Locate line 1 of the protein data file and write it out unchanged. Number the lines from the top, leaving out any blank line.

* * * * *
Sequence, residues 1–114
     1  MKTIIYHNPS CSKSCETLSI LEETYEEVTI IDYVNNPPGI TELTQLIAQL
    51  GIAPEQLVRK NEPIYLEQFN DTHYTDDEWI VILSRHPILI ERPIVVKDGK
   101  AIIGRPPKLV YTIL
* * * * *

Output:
Sequence, residues 1–114